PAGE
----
This is a detailed written statement of:
- Where you are going (include a copy of the map),
- Who you are going with,
- When you are leaving and
- When you plan to be back.
It should also include detailed emergency instructions — who to call for help if you aren’t back by a certain time.
My friend told us where he was going and to start looking for him if he wasn’t back by 10pm that Friday.
The woman who got lost that week simply told her friends she was going hiking, not where or when she’d be back. Her friends started looking for her when she hadn’t returned after two days, but they had to first locate her car and then guess which way she had gone.
She ended up being found by a Medevac crew on a training mission, miles from where the search party was looking!
Don’t let that happen to you. Take the time to write up a detailed trip plan.
Always check the weather forecast for the area you will be hiking in, so you at least have some idea of what to expect (but be prepared for weather changes, too).
When you’re on the trail, pay attention to your surroundings. Take note of landmarks and distinctive features that can help you orient yourself if you lose your way.
If you do lose the trail, don’t keep going, hoping to find your way back to it. That’s the quickest way to get lost. Stop and retrace your steps until you recover the trail.
If that doesn’t work, then you need to stay put and plan on waiting until you can be rescued.
Hiking Safety Tips: What You Need To Know
Every wilderness area has its own unique hazards. In Alaska and many parts of the western and eastern U.S., you must be “bear aware”.
In the high peaks of the Rockies, afternoon lightning storms are extremely common. In the Grand Canyon, heat and lack of water can be a deadly combination.
What are the specific dangers where you are going? Take the time to read up on it and talk to experienced hikers you know. Special precautions must be taken for these unique threats.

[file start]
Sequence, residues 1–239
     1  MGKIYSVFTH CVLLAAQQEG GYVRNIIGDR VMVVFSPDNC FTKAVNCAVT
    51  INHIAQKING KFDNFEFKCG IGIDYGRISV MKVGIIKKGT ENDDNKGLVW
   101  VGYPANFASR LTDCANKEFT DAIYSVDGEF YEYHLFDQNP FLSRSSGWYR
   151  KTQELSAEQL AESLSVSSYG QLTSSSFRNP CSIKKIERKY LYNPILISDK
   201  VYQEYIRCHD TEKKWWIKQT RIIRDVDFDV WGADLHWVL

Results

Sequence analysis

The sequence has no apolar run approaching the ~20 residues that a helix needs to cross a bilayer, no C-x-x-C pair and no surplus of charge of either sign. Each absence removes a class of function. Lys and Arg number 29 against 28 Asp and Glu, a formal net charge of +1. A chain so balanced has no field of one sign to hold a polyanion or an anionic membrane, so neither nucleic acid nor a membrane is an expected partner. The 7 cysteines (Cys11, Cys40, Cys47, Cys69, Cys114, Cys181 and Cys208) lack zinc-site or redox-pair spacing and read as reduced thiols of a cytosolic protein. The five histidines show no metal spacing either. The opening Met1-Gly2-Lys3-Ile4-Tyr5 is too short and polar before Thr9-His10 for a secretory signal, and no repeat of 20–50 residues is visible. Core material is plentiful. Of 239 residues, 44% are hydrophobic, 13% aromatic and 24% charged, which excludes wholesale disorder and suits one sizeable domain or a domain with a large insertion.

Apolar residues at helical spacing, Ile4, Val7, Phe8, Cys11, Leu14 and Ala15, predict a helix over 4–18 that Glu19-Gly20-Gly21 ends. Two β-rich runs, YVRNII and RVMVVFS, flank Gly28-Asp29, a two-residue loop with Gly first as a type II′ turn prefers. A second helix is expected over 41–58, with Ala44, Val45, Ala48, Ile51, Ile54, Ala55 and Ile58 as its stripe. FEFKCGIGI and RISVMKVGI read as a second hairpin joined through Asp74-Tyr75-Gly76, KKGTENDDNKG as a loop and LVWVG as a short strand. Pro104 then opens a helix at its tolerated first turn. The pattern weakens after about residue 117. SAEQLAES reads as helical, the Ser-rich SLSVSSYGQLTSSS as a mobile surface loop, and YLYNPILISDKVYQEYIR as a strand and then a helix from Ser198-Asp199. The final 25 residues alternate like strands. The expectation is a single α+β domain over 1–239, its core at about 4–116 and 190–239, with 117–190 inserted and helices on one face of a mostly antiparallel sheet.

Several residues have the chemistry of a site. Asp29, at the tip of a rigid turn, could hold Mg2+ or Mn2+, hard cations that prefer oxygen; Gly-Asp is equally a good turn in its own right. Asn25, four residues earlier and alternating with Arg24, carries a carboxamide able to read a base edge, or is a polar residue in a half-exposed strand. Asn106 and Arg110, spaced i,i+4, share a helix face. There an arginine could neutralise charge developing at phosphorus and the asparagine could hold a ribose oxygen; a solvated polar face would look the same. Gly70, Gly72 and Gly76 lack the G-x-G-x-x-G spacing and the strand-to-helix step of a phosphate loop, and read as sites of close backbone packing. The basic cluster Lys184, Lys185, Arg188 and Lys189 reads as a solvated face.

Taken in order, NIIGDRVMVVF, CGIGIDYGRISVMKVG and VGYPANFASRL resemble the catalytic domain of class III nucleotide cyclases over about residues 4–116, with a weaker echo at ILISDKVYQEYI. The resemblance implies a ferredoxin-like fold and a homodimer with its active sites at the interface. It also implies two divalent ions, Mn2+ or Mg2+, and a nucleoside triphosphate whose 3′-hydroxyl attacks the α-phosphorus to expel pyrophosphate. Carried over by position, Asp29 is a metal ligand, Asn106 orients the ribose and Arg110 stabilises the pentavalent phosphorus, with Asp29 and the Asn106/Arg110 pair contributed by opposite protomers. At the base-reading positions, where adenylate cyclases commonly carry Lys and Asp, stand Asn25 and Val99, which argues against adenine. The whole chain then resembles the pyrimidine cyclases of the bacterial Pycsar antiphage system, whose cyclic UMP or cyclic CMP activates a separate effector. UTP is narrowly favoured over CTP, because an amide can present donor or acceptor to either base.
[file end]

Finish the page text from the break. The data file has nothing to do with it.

Some basic wilderness survival skills are essential to know if you end up lost in the backcountry. You’ll need to stay dry, warm, and hydrated.
Learn how to build a lean-to shelter with tree branches, how to start a fire in any weather, and how to find water, even in unpromising environments.
Basic first aid skills are also a must. You should know CPR, how to dress a wound, how to treat a broken bone, how to recognize and treat hypothermia, altitude sickness, and heat stroke. You should take a wilderness first aid course that will teach you these skills.
Hiking Safety Tips: Knowledge Is Power
The more hiking safety tips you know, especially the risks specific to your area, the more confident you will feel heading out into the wilderness.
When I spent a night alone on that alpine ridge, I wasn’t afraid of what could happen. (Okay, I did get a little spooked when I heard strange noises in the middle of the night — don’t tell anyone, alright?)
I knew that even if things didn’t go quite as planned, I could improvise and survive until help came.
Of course, you can’t plan for every possible situation — there is always some risk involved.
But with these hiking safety tips, you can reasonably prepare for most of the dangers you will face. In doing so you’ll make it much more likely that your friends and family will get to hear a lovely story about your safe and exciting trip.